Re: Entity and Identity
Date: Mon, 28 Sep 2009 19:52:07 +1000
Walter Mitty wrote:
> My initial motive in starting the thread was precisely to get some kind of
> rational discussion going between people who find value in object models and
> people who find value in relational models.
I believe that it's possible to unite them, and I've set myself that task.
It does require a change to the programming language paradigm; my API has no new/delete, only assert/deny within a constellation of facts. Most of the rest of the O-O paraphernalia remains intact, and doesn't interfere with the relational and transactional nature of the system.
> When we take on the task of building an information system that represents
> some part of the universe (read "real world"), we accept as given the
> division of that universe into identifiable component parts (what I call
> "entities"). This division is inherent in the problem statement for the
> information system we are to build.
Right; that's why we call it "modeling", and why it's viewed as a design activity rather than a descriptive one (see Simsion's PhD thesis for an exploration of this position).
> If my practical experience is any guide, the community of stakeholders
> often has a hazy idea about just what those entities are, and very haphazard
> notions about how to identify them. Different parts of the community will
> use different identifiers to identify the same entity, and even the same
> identifier to identify different (although closely related) entities.
To my mind this is at the root of perhaps the preeminent problem in delivering information systems, namely the problem of specification. It's for that reason that the Constellation Query Language is plain text, so as not to exclude anyone (capable of understanding the domain) from participating. The text can be synchronised with diagrams, but no special training is required to read and critique a CQL model.
> Sorting that confusion out is (part of) data analysis (in the case of
> building a database), and it has to be done regardless of whether one
> intends to take a O-O or an RM view of the data.
Sadly it's often not done in O-O projects, and those projects suffer from the lack of it. I think *that* issue is the main reason for complaining about O-O... but really, the problem is in the training of the teams, and to an extent in the languages.
In CQL, it's not possible to define an entity without defining its identification pattern; in fact it's not possible to include more in the initial definition of an entity than what is required to identify the entity. Even the syntax enshrines the need for identification. There are four kinds of object type:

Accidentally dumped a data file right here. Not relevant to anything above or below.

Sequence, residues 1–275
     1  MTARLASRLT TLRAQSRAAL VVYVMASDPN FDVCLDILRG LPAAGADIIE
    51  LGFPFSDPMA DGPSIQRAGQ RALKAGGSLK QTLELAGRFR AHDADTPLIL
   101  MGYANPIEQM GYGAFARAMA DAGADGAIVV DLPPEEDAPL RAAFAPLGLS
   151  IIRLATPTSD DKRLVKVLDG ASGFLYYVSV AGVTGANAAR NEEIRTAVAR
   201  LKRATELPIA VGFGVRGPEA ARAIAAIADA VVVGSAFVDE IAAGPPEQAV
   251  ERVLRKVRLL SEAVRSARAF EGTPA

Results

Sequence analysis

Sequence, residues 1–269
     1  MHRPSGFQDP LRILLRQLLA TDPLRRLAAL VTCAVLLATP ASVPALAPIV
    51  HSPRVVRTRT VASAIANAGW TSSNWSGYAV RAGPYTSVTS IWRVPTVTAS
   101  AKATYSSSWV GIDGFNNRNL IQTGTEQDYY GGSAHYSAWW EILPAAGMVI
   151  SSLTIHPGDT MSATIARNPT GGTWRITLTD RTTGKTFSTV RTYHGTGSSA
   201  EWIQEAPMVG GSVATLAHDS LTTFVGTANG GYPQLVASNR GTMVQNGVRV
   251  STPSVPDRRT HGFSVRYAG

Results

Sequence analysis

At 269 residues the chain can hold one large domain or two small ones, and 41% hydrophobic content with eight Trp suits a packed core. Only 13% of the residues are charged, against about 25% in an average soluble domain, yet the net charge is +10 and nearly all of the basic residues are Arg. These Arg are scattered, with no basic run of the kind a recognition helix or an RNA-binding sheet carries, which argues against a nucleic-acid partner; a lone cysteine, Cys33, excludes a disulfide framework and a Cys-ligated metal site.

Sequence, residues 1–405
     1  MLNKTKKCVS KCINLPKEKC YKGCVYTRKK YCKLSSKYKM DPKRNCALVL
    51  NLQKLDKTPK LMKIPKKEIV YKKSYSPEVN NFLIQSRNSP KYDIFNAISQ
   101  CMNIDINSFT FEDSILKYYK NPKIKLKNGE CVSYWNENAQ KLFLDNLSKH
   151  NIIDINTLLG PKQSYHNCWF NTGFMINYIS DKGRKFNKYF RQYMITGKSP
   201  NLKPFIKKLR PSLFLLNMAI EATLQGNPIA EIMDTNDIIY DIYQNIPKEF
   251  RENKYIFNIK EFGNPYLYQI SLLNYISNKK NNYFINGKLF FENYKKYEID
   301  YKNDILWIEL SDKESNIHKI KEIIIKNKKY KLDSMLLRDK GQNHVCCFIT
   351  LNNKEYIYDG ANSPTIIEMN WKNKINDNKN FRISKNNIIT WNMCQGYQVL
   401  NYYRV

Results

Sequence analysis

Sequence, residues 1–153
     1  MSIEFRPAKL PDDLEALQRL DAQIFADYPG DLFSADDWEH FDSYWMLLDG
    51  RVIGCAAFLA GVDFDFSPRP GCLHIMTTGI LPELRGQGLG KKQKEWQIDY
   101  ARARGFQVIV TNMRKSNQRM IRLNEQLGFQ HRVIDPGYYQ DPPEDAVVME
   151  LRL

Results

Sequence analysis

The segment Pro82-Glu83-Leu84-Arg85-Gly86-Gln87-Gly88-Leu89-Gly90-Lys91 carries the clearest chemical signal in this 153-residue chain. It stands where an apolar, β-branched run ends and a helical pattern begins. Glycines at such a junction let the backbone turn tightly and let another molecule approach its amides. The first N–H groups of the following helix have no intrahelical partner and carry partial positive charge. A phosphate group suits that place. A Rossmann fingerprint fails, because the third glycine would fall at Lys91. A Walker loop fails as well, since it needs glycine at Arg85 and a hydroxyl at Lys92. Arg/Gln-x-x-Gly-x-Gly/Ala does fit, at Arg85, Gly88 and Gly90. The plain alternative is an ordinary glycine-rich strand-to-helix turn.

- Value types (also known as lexical types). Because instances of value types are identified by a lexical (written) form, the CQL syntax encodes that, for example, "Name is written as String(20);"
- Entity types (non-lexical types) of three forms:
- Subtypes, defined as for example "Employee is a kind of Person". Here the identification is inherited from the first supertype.
- Normal entity types, defined using the keyphrase "is identified by". For example, "Company is identified by CompanyName where <fact type>;" or "Company is identified by its Name;". This format can be mixed with the supertype syntax, for example "Employee is a kind of Person identified by its Nr";
- Objectified Fact Types, for example "Directorship is where Person directs Company;" It's also possible to mix "is identified by" into this pattern, where the identification of an objectified fact type is external.
I haven't published much of the actual query syntax yet, but from what I've done, it's easy to see how SQL can be completely hidden under a truly relational definition and query language. I have no goal to make CQL a language for expressing updates, but that might be a possible future direction. In the meantime the API will suffice.
-- Clifford Heath, Data Constellation, http://dataconstellation.com Agile Information Management and DesignReceived on Mon Sep 28 2009 - 04:52:07 CDT